The unprecedented rains and the resultant floods that ravaged Chennai last week saw the emerging force of social media —- WhatsApp, Twitter, Faceboook, which manfully rose to the occasion by disseminating, on a war-footing, memes and jokes, proving the age-old adage: when the going gets tough, the tough get going, while the rest get extraordinarily silly.
Agreed, that is a tad unkind summation, when the fact of the matter is social media also came in handy in reaching out to the people in distress, on a real-time basis, with some absolutely whacky rumours.
‘Crocodiles are lurking in Puzhal lake’. ‘A tsunami is set to strike the TN coast’. ‘Mount Vesuvius has been displaced by the flood waters and is going to erupt over Perumbakkam’. ‘Velachery is missing’.
Okay, the last two were made up. The thing is all manner of rumours started doing the rounds and many otherwise well-meaning, intelligent people fell for them because the warnings were claimed to be issued by — why not? — NASA. On social media platforms, especially on WhatsApp, the rule is: no matter how puerile or ridiculous the rumour is, as long as it is attributed to NASA, it would find plenty of takers.
NASA, for the rest of the world, is an American space research agency. Here it is the American space research agency involved in: analysis of weather patterns over these parts, specializes in aerial-shot photographs on Deepavali day and undertakes pioneering studies on local urban legends and confirms them to be true (sample: ‘according to a report submitted by a team of scientists from NASA, if you make a paste of Tulasi, coriander, lemon leaves and kezhanelli keerai and apply on the outside of your throat, it cures all cancer including in others. Mera Bharat Mahaan’).
But more than the rumours, it was the memes that dominated the narrative. Memes are truly representative of the underlying ethos of social media platforms: No matter what the crisis is, howsoever severe it is, someone somewhere, in the true spirit of crowd-delivered wisdom, will respond irresponsibly.
The thing about memes is that they strike a chord with the larger public and that is because they are mostly in-jokes dipping into existing narratives or taking off on popular cinema lines.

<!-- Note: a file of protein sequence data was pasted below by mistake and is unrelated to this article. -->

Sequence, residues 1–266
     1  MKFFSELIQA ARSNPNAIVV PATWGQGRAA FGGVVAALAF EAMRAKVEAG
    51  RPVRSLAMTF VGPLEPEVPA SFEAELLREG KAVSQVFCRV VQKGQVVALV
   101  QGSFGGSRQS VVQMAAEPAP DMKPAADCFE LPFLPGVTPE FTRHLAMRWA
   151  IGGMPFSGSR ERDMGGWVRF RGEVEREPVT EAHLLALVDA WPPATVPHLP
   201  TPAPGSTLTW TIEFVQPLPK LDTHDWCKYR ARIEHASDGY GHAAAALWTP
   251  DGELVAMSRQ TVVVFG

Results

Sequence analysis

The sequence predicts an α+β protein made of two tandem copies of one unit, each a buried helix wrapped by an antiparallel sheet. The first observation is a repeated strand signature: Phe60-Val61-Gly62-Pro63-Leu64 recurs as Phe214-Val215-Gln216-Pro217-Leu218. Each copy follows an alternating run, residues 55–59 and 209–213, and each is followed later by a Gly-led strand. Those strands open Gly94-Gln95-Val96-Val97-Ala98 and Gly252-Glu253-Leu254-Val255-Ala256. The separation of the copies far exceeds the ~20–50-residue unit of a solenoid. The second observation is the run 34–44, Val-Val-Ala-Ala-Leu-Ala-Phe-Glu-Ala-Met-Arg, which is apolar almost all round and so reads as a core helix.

So how to make a simple meme? Here it is:
Picture of Cooum in spate —-> a staid accompaniment to a news report in regular media.
Picture of Cooum in spate with a mug of Vadivelu —-> ‘Lol-worthy’ meme on the happening social media.
In these parts, memes are anything that carries a picture of some actor alongside them. Seriously, that is all to them.
And we had plenty of these during the floods, and it should be a matter of great satisfaction to all those who had really suffered during the floods that the rest of the city was not sitting idle but partaking of their sufferings by also making that Met department official Ramanan a popular meme-material.
But what of the traditional media, how did they cover the floods? Well, for sheer immediacy of news relevance, TV news was hard to beat, especially those helpful scrolls that carried important alerts, except that they came conjoined with ad scrolls. ‘Water from Chembarabakkam Lake released into Poomer underwear. Heavy inundation in inner areas’ is what they came across as.
But news channels also sent their reporting teams into the heart of trouble to give us the real sense of the situation. Many intrepid journalists gave us a first-hand view of the flood waters by taking a ride on one of the safety boats, courageously unmindful of the risk and the fact many of those trapped in hip-high waters were still waiting to be rescued in the same boats.
News channels also pressed into service — for the first time in these parts, they claimed —- drones to provide the viewers bird’s-eye-panorama of the havoc created by the rain water. After a couple of aerial shots, it came across as both-legs-in-air, twist-and-turn and tap-two-shoes-as-if-dusting-off-the-dirt-stuck-underneath-them dance routine of Kamal Haasan — some kind of fancy fetish that becomes comical after repeated viewing.
Still, the view from the top of Velachery Main Road with a couple of heavy lorries wading through the flood waters gave us this great insight: It is actually easier for the traffic to move on Velachery Main Road when it is under floods.
So that leaves us with the print medium. What was our main story? Well, we gave wall-to-wall coverage to all the memes.